• The embedding engine: it's a language model which is responsible for vectorizing sentences.

  • The LLM (Llama2): the language model used through prompts and which generates responses

  • The Crawler: it's a tool developed by Dydu which allows to browse external sites or Dydu knowledge bases to download data (files, web pages, Dydu knowledge bases, etc.). This tool is configured with configuration files giving it instructions for documents to download and index. (URLs, file types, credentials, index update frequency, ...)

  • The RAG: it's an API open only to the Dydu engine which allows to search in the index and generate a response with a call to the LLM.

All requests made between the 2 Dydu servers are in HTTPS.

Hosting of LLMs by a third party

Our architecture does not adhere to a particular LLM. It's entirely possible to use it with models hosted by third parties. So, it's the same architecture as before but using the OpenAI and GPT embeddings engine:

This is also possible with Azure OpenAI, the third party in this case being Microsoft, which can offer guarantees on compatibility with the GDPR.

Security and Privacy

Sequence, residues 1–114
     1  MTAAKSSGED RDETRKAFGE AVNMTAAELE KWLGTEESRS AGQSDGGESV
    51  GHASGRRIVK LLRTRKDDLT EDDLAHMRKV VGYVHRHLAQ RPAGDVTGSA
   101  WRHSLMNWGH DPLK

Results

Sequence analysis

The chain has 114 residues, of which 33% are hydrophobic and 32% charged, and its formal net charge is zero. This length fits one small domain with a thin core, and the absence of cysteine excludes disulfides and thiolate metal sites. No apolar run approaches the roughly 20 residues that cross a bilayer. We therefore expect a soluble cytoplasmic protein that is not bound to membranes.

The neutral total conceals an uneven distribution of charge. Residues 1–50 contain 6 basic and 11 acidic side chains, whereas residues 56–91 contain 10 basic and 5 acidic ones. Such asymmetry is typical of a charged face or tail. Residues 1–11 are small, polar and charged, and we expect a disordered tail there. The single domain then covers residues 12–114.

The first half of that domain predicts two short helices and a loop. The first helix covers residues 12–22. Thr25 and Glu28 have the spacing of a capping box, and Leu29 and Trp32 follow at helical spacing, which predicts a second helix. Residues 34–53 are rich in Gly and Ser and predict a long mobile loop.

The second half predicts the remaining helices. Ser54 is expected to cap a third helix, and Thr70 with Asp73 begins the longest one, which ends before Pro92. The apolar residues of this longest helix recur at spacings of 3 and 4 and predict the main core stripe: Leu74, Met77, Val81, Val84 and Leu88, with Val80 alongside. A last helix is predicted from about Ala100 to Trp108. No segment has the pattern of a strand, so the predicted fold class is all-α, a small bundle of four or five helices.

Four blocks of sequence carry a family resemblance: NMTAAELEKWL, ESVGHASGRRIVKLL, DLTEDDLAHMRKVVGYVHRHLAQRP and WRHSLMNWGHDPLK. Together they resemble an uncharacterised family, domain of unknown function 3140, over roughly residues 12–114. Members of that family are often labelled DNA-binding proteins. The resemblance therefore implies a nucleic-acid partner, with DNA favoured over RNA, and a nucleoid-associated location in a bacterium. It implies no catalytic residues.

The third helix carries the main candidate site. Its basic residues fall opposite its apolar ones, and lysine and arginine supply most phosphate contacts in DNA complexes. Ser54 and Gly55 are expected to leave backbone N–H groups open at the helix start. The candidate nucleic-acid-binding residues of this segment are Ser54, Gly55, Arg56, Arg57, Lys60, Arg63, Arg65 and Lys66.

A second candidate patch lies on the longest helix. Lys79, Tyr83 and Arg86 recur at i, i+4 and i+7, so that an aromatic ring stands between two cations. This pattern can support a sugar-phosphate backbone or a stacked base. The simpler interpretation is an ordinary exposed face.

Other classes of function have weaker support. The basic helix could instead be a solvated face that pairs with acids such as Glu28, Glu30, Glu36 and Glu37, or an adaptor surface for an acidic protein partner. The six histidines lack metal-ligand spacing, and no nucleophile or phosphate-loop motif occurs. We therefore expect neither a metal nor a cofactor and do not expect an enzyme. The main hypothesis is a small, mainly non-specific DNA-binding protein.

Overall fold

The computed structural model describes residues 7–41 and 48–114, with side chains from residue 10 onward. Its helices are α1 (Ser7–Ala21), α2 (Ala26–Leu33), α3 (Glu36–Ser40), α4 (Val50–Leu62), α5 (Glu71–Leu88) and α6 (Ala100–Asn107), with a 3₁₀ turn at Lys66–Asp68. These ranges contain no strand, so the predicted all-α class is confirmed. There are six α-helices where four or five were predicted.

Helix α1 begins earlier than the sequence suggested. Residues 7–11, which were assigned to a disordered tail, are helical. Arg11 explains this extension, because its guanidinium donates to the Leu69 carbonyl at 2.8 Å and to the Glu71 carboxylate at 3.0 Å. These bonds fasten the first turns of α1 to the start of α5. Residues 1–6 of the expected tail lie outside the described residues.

Many security questions must be addressed before starting a project using language models on your databases:

  • the crawler must be able to access your documents

-> you must open a flow between our server and your sites hosting these documents

-> the crawler must have a service account to authenticate if necessary

  • the vectorization of documents is stored in our index

-> a vector alone is unusable, but by using the embeddings engine which created it we can find the original text, this implies that the texts of your documents are hosted on our server.

It's important to question the level of confidentiality of the data in these documents and the personal nature of the contents.

  • in the case of using an LLM hosted by a third party, all documents and all questions are transmitted to this third party for vectorization as well as for querying the LLM.